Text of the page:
A Letter of Thanks

This is a sort of therapeutic letter I wrote but never sent to the girl who reported the man who molested us.  I don’t know how to get in touch with her, and I can’t be sure she’d appreciate it if I did, but I thought I would share this as a sort of tribute to all of the other kids who did what she did.

Dear. J.

It has been a while since we have met.  It was long ago when we last met and we were both children.  I am writing this because I just wanted thank you for saving my life.  You probably did not even know you had, but you did.

When you told how you had been molested by our grandfather and the shockwaves rippled through the family, I believed you.  How could I not, when he did something very similar to me?  When my mother sat me down and asked me after you told, the amount of power he had over me, my mom, and my siblings went rushing through my head.  As I faced the reality of what had happened, truly confronting it for the first time, I panicked and lied.  After that “no” slipped from my lips, I felt regret wash through me as I heard my mother’s relieved sigh.  But it was out and it was done, I felt like I couldn’t take it back.  So I stayed silent and I watched.  As I sat there, a quiet liar, I listened as they called your honesty lies.  I felt a horrible sense of freedom when your threat of a civil suit spurred the man who molested us to sign the farm over to my mother, giving me a new found safety.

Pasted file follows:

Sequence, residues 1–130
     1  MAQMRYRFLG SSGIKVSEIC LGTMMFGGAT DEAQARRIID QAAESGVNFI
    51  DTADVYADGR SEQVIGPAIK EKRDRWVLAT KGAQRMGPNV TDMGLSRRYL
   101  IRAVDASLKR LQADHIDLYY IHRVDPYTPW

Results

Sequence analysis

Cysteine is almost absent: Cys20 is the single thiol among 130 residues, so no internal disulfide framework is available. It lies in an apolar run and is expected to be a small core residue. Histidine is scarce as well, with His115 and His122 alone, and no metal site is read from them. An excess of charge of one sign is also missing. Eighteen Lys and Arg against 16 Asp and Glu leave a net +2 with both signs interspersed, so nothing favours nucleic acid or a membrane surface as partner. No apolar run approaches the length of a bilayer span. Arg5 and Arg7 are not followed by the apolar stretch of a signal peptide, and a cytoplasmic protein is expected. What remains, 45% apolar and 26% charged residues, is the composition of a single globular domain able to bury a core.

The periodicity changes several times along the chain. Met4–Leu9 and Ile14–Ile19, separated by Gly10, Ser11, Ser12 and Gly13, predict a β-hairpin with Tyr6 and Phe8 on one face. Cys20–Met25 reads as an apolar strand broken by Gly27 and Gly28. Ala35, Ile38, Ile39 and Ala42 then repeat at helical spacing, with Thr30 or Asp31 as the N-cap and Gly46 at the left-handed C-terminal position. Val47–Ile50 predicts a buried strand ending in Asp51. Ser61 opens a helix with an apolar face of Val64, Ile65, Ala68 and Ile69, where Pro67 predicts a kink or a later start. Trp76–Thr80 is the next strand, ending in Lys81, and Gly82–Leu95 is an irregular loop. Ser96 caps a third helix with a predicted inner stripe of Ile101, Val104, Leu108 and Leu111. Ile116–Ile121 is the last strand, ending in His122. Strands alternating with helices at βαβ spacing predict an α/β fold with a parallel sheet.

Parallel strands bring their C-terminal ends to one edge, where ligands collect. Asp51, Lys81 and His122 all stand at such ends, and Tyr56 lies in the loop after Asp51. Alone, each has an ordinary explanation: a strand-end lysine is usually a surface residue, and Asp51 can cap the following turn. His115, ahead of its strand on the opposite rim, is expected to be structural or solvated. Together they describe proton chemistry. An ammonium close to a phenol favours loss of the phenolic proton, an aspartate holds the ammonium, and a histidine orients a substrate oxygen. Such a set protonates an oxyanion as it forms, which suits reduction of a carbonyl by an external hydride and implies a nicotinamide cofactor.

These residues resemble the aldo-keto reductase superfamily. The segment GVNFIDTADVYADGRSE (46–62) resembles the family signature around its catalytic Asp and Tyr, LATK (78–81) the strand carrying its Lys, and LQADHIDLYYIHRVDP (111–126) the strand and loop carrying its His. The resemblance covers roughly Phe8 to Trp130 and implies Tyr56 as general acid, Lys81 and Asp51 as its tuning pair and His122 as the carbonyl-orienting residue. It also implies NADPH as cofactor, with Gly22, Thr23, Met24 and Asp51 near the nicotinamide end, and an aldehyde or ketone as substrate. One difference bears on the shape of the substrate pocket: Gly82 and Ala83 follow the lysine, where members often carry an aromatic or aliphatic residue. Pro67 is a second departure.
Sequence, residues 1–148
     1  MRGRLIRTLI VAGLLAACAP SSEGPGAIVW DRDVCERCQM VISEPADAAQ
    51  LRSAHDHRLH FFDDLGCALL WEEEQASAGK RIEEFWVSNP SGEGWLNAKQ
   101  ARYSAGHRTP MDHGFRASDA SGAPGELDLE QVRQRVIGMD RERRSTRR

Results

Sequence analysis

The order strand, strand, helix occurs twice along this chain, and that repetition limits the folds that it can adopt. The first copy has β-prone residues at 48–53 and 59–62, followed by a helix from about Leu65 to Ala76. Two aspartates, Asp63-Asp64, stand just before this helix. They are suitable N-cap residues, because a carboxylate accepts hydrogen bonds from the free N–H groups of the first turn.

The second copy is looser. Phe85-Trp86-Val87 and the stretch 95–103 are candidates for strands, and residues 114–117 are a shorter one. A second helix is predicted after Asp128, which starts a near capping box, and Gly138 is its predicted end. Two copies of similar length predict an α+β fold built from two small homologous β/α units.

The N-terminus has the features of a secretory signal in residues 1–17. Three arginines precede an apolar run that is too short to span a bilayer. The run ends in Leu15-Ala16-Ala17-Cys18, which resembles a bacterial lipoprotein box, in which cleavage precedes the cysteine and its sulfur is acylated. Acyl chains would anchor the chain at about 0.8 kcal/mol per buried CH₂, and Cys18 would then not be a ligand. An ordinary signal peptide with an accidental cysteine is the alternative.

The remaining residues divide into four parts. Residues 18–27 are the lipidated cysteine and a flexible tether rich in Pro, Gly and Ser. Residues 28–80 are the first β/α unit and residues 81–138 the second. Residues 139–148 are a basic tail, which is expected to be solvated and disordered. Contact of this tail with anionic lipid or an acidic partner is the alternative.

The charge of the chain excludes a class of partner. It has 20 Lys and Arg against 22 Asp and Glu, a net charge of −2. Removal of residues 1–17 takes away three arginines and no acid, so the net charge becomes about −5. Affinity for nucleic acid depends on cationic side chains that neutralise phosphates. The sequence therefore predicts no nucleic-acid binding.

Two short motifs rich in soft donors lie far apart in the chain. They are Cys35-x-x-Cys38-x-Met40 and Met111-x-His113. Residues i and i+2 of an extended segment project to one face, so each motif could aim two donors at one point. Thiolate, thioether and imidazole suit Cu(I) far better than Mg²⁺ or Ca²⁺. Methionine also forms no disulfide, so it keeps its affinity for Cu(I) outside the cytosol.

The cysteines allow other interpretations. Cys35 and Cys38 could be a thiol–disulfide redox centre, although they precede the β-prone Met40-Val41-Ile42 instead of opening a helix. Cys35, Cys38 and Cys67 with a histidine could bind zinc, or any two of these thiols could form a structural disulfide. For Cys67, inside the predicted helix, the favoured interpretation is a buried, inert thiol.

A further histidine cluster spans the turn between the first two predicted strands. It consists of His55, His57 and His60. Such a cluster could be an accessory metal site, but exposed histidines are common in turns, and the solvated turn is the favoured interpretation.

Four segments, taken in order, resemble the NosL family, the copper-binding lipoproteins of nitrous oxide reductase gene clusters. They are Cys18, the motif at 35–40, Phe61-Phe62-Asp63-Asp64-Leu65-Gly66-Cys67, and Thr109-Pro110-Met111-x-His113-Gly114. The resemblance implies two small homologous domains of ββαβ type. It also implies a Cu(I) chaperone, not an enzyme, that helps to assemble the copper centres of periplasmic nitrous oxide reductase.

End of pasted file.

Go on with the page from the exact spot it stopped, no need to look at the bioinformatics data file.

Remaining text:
Your courage gave me that security and it gave me the push I needed to start on the journey to dealing psychologically and emotionally with what had happened to me.  No, scratch that, what he did to me and to you, and to others.  The suicidal level of turmoil began to fall away as I learned to cope with that and so many other things.  If you had not been so brave and faced such hell, I would probably have killed myself.  I think of you, a scared ten year old trying to fight for justice and being treated as a villain, and wonder at the pain you must have felt, and I wonder if you felt that the lost legal battles and social ties were a waste.  So I just wanted you to know what incredible gifts you have given me.  I want to thank you.  You played a bigger role in who I am today than you may ever realize.  When people see me, the passionate, successful intellectual who is always the first to jump in and fight when victims are slandered and the last to back down, I wish they could see you too.  I wish they could see the ripples that spread out when one little girl fought back, even though she was denied full justice.  You did something no child should ever be expected to do.  You did something extraordinary.  You have given me one of the greatest gifts anyone ever has, and you saved my life.

So if you ever felt that because you lost those legal battles that your fight was meaningless, maybe you could think to yourself that it made you a hero to me.  I am so very grateful.

Love, your cousin, C.

Disclaimer: This post was written by a Feministing Community user and does not necessarily reflect the views of any Feministing columnist, editor, or executive director.

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